Increasingly we're seeing that when a business is the victim of fraud, then the High Court does all that it can within its powers to enable money to be traced and recovered where possible.   

A recent example of this was in the case of Foglia v Family Officer Ltd & Others [2021] EWHC 650 (Comm) (22 March 2021).   The victim of a fraud, Mrs Foglia, acted quickly by instructing lawyers who made several urgent applications to Court for worldwide freezing injunctions, proprietary freezing orders and disclosure orders – against "persons unknown" and other third parties (banks and financial institutions). Mrs Foglia used the UK courts to successfully recover €11,456,631 from the defendants and from certain third-party recipients of the proceeds of the fraud. 

Another good example of the High Court supporting the victim of fraud was in the case of Ion Science v Persons Unknown [2020] (Comm) (21 December 2020).  The Court granted proprietary injunction, worldwide freezing injunction and associated disclosure orders against "Persons Unknown" - the purpose of these orders being to trace and recover money that had been misappropriated through an alleged fraud.  The claimants, in summary, alleged that they had been the victims of a cryptocurrency initial coin offering or ICO fraud, involving losses of £577,000 transferred by way of 64.35 bitcoin, in the belief that they were investing in genuine cryptocurrency products.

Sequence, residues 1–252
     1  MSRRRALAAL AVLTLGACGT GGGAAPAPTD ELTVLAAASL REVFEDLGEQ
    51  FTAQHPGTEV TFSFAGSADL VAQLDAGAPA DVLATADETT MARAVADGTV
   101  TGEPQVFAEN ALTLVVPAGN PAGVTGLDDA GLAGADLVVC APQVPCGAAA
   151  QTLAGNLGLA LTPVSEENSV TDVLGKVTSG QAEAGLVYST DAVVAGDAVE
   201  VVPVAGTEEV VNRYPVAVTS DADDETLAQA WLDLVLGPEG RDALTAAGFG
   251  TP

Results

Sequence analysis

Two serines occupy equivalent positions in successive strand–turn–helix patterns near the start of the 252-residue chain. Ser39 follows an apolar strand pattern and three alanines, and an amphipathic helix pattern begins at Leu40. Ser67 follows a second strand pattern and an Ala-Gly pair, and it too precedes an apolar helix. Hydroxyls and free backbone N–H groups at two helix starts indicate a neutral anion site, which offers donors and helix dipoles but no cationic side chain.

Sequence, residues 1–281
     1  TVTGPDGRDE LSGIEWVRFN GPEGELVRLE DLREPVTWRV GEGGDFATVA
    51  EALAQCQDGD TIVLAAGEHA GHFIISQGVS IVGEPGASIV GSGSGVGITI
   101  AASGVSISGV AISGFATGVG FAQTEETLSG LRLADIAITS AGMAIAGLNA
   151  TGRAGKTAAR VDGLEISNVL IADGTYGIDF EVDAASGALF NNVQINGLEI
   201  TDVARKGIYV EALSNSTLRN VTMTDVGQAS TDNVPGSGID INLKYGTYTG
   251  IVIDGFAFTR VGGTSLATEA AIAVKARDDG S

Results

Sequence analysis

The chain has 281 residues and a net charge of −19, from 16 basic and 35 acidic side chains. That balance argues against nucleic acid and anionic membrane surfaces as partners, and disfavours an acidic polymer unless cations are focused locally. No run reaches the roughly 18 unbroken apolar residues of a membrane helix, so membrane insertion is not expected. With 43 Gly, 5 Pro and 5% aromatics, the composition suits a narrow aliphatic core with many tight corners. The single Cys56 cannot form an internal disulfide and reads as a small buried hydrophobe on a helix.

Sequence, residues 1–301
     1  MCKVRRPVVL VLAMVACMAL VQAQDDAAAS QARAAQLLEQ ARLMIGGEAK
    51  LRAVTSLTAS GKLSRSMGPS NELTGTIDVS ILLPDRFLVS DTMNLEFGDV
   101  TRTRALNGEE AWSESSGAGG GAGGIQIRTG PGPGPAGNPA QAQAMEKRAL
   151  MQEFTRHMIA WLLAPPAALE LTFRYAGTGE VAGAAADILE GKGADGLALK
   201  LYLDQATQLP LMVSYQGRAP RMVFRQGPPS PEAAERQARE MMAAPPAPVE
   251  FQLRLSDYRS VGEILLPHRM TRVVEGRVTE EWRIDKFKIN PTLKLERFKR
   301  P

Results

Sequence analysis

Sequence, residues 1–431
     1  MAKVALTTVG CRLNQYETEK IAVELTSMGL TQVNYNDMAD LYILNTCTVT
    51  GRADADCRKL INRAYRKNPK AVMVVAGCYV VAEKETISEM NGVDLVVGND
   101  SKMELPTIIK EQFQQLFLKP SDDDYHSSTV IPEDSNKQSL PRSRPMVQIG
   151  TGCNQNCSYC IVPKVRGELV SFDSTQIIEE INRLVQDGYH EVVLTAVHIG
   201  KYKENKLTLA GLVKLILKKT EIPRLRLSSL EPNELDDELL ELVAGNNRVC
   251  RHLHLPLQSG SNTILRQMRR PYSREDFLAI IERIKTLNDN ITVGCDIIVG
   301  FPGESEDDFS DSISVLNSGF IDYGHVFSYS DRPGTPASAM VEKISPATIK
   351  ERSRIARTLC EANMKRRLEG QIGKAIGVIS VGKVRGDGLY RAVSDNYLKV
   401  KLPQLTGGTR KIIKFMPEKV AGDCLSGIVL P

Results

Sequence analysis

Speed of response is often key to having any chance of tracing and recovering funds - urgent applications to Court are often required to obtain the information needed.  Input from specialist forensic/digital/cyber experts can also be important to support the work of the lawyers in tracing and recovering money.

James Hartley

Freeths LLP